daemontools is a collection of tools for managing UNIX services.

daemontools home page

Daemontools expects a collection of directories in /service. Each directory contains a run file, which must be executable. This file sets up the environment and runs the daemon. Note that all daemons will be started as root, since supervise runs as root. Each service directory may also contain a log/ directory, which itself contains a run, to run a separate logging program. I’ll have more to say about logging in the Logging stdout / stderr section.

The run file is whatever you want it to be: a Bash script, a Ruby script, a Scala script, a compiled binary. Daemontools itself doesn’t care what it is exactly, as long as it’s executable. The simplest possible run is:

1 #!/bin/sh
2 /opt/service/bin/daemon > /var/log/daemon.log

This has a number of problems, which I’ll solve later on.

Installation

I prefer to download and install daemontools, rather than using the Ubuntu provided version. I prefer to use /service rather than /etc/service. Beyond that, I have no other reasons. Maybe I should stick with my distro-provided version. YMMV.

One note: on recent Ubuntus, I have to patch daemontools according to Installing Bernstein’s daemontools on CentOS 5. The problem is a missing include.

Once you have daemontools compiled and installed, you still have to start svcscanboot somehow, and I’ve done so using /etc/init/svscan.conf (Ubuntu 11.04, using Upstart):

1 start on runlevel [12345]
2 respawn
3 exec /command/svscanboot

Running a daemon as a service

To make things more concrete, I’ll setup carbon-cache to run under daemontools control. Carbon-cache is the daemon which accepts and writes data for the Graphite realtime graphing library.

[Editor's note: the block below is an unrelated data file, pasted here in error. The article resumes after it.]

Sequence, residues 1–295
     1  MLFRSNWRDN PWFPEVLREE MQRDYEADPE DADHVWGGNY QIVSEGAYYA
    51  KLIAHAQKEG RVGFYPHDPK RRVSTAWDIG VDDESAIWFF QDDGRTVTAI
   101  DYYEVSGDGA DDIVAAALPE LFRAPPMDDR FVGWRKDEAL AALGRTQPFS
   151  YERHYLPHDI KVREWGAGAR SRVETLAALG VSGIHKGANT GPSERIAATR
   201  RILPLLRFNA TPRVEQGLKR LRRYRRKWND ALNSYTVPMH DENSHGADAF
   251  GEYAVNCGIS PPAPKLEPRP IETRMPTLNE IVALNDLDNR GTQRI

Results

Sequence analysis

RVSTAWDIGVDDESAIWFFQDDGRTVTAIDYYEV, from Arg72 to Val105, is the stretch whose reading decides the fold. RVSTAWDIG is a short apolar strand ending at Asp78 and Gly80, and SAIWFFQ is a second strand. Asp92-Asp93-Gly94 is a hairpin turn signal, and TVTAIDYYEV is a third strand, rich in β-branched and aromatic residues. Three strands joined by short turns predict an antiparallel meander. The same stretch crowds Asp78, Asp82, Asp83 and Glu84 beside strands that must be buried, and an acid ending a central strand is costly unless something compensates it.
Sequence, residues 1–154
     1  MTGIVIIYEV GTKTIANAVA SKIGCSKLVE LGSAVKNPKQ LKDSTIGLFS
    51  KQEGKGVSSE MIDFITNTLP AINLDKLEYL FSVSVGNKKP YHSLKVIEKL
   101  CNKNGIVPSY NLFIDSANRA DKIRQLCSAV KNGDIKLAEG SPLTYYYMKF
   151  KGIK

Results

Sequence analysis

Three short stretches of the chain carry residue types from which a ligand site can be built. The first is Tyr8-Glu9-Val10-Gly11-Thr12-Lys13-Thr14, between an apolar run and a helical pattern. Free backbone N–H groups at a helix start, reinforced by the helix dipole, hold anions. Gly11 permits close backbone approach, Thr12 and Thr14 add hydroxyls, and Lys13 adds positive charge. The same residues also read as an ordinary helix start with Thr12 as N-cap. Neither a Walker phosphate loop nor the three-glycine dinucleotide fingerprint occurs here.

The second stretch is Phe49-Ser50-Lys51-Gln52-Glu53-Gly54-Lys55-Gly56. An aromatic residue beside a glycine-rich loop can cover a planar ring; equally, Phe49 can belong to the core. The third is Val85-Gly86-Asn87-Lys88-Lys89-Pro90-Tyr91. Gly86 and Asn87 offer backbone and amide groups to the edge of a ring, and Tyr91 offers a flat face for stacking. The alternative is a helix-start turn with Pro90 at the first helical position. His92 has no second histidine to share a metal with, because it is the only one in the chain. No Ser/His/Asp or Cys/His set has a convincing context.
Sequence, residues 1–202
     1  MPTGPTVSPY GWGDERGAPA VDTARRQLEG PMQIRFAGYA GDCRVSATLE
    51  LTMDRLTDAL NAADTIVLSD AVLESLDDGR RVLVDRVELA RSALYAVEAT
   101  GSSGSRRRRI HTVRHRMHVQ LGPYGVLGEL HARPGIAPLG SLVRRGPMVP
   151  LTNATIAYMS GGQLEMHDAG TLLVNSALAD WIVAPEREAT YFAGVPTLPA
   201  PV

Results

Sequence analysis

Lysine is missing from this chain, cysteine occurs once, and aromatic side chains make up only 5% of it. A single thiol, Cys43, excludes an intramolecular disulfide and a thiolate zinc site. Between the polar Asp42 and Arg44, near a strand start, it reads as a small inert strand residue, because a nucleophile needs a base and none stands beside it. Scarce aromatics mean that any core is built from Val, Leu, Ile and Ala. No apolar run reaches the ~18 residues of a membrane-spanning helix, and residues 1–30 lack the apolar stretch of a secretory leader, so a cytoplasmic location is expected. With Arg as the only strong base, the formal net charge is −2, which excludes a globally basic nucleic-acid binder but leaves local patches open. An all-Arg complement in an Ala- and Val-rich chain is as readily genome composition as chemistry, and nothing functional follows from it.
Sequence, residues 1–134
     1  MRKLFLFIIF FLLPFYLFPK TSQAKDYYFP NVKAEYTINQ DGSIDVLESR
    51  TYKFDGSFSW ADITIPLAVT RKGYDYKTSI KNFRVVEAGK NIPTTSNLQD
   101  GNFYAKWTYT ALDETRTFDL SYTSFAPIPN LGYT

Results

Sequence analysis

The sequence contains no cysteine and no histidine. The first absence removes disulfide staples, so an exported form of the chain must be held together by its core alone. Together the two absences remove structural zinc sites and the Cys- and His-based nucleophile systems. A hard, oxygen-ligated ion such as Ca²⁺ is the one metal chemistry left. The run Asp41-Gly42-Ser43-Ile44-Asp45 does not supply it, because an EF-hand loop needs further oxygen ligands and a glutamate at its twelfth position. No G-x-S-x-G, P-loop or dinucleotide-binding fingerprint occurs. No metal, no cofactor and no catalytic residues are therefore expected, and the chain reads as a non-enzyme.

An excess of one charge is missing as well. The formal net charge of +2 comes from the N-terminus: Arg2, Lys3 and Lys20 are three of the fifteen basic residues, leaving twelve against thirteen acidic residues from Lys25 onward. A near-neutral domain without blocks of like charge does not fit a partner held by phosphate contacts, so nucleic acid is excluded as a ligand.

1 #!/bin/bash
2 PATH=/usr/local/bin:/usr/bin
3 cd /opt/graphite/
4 exec setuidgid graphite /usr/bin/python bin/carbon-cache.py --debug start

The first line indicates this is a Bash script. The second sets up a minimal environment for running this script. The third ensures we’re in the right directory. The fourth line is where the meat is, so let’s take it apart:

1. exec means to replace the Bash executable with whatever occurs next. It’s the same as exec(3). I do this in order to be able to signal the underlying process myself, rather than having to jump through hoops to signal the daemon;
2. setuidgid graphite is the way to drop privileges. The daemon itself doesn’t need to know how to drop privileges: when it boots, it will already be running using the correct privileges;
3. /usr/bin/python bin/carbon-cache.py --debug start is how I start the daemon itself.

The --debug option to carbon-cache is so it doesn’t daemonize itself: I want to keep it running in the foreground, again to be able to signal the process.

The service directory

It is imperative the service directory (the one which contains run) retain its content on deploy. If you had a Rails application which you deployed using Capistrano, and you kept your service directory under version control (which you totally should), and you symlinked /service/seevibes to /u/apps/seevibes/current/config/env, then each deploy will wipe supervise‘s metadata: the contents of /service/seevibes would be the contents of the new checkout, rather than the old one. If you had told supervise to keep the daemon down then on deploy, the down file won’t exist anymore: it would exist in the old release directory, rather than the new one. Instead, here’s how I replace my run script on deploy:

1 cp /u/apps/seevibes/current/config/env/run /service/seevibes/run.new
2 mv -f /service/seevibes/run.new /service/seevibes/run # atomically replace run
3 svc -t /service/seevibes